Western Mass. vodka maker heading to Poland to aid Ukrainian refugees
Updated: Mar. 03, 2022, 4:36 p.m. | Published: Mar. 03, 2022, 4:36 p.m.
HADLEY — Paul Kozub said his conscience and his commitment to the people of Eastern Europe made the decision for him.
“I feel I have to go Poland,” said Kozub, whose company, Valley Vodka Inc., will donate $1 for every bottle sold in March to assist refugeees from war-torn Ukraine.
Valley Vodka, headquartered in Hadley, is the maker of V-One Vodka, an award-winning brand that Kozub created. He is expected to arrive at the V-One distillery in Kamien, Poland on Sunday.
The distillery is located about two hours from the Ukraine border, where refugees have been crossing the border in droves.
“I feel such a connection to Eastern Europe. This will be my 60th trip in 17 years, but only my second in the last year and a half,” Kozub said. “I’m overdue. I used to go three or four times a year, but then COVID-19 slowed us down. My last trip was in June of 2021.”
He is not only going to the distillery he owns with a partner, but bringing $5,000 of his own money to support the refugees pouring over the border from war-torn Ukraine. The current exchange rate for currency will work favorably, he said.
“The exchange rate is usually about 3-to-1. But with all that’s been going on, it’s up to around 4-to-1, so my money will be worth 25% more,” Kozub said.
Announcement of his support has been posted on Facebook and other social media outlets. It was not a hasty decision, and the region’s volatility gave Kozub pause.
“I have a wife and four children under 8. I began to think that maybe I shouldn’t go. But I have to go,” he said.
”My life was forever changed for the better when I made my first trip to Eastern Poland 17 years ago to start my craft vodka business. In 2019, I purchased a distillery in Kamień, just a few hours from the Ukrainian border. I feel compelled to do something to help the people of Ukraine.
Kozub owns 51% of the distillery in Kamien. In addition to visiting the plant, he will travel to the Ukraine-Poland border to meet directly with refugees.
His partner in the Kamien distillery has a cousin near the border, where long lines of refugees have been reported. Altogether, Kozub will be in Poland for a week.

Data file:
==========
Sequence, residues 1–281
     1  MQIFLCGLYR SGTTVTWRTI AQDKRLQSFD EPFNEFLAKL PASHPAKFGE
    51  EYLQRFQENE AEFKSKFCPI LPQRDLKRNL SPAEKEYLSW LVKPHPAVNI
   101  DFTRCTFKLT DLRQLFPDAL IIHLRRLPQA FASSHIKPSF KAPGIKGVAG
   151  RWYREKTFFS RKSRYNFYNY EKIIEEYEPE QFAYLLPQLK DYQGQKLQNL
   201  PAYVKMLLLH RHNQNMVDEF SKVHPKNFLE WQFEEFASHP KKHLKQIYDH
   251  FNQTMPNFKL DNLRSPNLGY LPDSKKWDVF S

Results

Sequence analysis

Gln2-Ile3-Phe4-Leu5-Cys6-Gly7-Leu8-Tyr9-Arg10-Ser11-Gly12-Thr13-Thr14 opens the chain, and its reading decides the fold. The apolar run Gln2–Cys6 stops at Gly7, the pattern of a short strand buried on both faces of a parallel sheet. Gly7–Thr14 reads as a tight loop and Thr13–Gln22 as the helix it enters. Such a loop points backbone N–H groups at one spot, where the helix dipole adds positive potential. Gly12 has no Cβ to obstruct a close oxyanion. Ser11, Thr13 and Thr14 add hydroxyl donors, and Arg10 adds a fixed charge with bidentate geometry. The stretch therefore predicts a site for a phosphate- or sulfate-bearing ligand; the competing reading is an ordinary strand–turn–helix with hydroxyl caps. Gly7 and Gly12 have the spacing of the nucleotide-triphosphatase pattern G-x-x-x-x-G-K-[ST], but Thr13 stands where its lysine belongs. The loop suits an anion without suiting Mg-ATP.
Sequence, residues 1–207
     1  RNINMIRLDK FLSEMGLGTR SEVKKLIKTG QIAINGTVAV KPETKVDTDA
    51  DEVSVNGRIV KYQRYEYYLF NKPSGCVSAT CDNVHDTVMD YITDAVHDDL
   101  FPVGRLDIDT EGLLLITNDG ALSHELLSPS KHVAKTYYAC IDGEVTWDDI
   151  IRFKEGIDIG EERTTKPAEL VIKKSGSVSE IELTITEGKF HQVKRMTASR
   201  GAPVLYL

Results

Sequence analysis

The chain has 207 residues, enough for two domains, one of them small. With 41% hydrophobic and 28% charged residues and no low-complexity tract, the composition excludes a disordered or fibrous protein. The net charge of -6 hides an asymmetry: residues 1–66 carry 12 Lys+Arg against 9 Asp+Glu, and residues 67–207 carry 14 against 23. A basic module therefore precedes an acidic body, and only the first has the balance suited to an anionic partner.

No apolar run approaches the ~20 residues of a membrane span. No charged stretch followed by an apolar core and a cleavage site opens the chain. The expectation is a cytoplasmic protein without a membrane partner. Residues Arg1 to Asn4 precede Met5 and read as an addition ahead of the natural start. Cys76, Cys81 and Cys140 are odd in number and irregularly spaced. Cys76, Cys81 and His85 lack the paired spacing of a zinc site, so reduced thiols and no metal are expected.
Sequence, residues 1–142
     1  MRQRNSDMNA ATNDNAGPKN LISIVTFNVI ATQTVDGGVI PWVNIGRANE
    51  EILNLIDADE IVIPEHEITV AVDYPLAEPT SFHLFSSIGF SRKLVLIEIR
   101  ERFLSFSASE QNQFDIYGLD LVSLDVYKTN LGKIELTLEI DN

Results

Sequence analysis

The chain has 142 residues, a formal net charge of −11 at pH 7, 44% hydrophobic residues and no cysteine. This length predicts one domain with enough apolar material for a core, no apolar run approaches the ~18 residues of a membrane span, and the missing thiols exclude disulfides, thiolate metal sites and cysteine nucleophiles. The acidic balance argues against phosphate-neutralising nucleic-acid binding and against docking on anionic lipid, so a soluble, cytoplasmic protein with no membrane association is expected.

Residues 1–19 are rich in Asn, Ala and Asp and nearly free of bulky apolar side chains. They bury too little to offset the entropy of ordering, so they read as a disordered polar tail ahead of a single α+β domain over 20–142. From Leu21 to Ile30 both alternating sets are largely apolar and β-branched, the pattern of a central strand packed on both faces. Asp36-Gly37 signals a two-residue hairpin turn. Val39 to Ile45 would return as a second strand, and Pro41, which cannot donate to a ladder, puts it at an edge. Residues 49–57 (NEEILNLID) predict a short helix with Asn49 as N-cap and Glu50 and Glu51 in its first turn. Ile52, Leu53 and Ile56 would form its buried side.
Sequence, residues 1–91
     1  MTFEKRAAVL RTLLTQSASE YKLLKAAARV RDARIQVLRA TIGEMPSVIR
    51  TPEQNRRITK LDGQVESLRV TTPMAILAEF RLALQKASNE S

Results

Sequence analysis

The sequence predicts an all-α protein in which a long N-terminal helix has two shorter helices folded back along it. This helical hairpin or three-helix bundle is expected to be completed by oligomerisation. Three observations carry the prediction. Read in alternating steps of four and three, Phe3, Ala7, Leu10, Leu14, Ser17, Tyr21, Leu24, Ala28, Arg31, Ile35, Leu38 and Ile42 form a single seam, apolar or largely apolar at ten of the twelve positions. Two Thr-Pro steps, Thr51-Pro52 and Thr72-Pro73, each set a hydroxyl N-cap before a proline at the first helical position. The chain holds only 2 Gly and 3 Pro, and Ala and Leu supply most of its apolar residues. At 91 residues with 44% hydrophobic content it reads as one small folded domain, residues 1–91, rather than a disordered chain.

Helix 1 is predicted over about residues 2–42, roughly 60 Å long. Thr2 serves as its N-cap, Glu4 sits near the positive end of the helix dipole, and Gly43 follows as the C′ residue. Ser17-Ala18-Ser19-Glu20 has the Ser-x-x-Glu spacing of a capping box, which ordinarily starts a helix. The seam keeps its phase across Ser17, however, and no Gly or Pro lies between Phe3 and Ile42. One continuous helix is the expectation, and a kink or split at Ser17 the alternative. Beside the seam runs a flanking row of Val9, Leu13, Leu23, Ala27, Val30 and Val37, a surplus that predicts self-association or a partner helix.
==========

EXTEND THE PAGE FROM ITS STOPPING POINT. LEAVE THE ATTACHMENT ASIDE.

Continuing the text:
“I hear there’s been something like a half a million immigrants crossing,” he said.
Kamień is 219 miles (352 kilometers) southeast of Warsaw.
V-One Vodka has been crafting small batch vodka in Eastern Poland since 2005. It was the first craft vodka made from 100% spelt, a type of grain related to wheat, barley and rye.
It was won several awards and competitions and launched six successful flavors since 2012.
“We’re launching a new flavor, so I was ready to return to Kamien,” Kozub said. “Now, with what has been happening, I feel I have to go.”
The Strange Evolution of an Old Copy Line for the Hummer H1
From conspicuous consumption to spiritual mindfulness
When I first became a spiritual guru, I was working in Boston on a series of print ads for the Hummer H1. It was 2001, pre-September, everybody’s Chakras were still relatively aligned.
The Hummer H2 was soon to launch to the masses. To help broaden appeal to a larger audience, we wanted to soften the oversized, aggressive image the brand had at the time.
In essence, we decided to use the H1 campaign to shift the brand’s dosha a little away from fire and a little closer to air.
To find images that fit the tagline “Like Nothing Else,” we traveled to the four corners of the world and depicted the biggest, baddest truck on the planet, dwarfed by the landscapes it was designed to conquer.
Places so remote really do make you “Feel small,” as one headline invited the audience to do. The isolation reminds you of your insignificance and makes you introspective, softly forcing you to be present in the moment and consider your place in the vista.
The headlines reflected my inner monologue, asking the high-net worth iconoclasts attracted to the Hummer brand, “What good is the world at your fingertips if you never actually touch it?” and “How’d my soul get way out here?”
Tying all the headlines together was a “bridge line” (in the bottom left of the ads) that summed up the sentiment in the clean, symmetrical, circular style copywriters like: “Sometimes you find yourself in the middle of nowhere. And sometimes in the middle of nowhere you find yourself.”
I don’t know how. I’m not sure when. But in the two decades since the ads ran, the line has taken on a life of its own. It studied yoga, did Ayahuasca in the Amazon with a shaman, slept in a Yurt and went to Burning Man back when it was still cool. Today, it is a wellness advisor and lifestyle coach, while I’m co-founder and ECD of a creative agency in L.A.
Last weekend I wanted to show a friend the H2 ads, so I typed that bridge line into a search engine and this is what came back, attributed to “author unknown.”
Shane HuttonShane Hutton is co-founder and executive creative director at Arcana Academy, a Los Angeles-based creative advertising agency with a full post-production and audio suite.More from Shane Hutton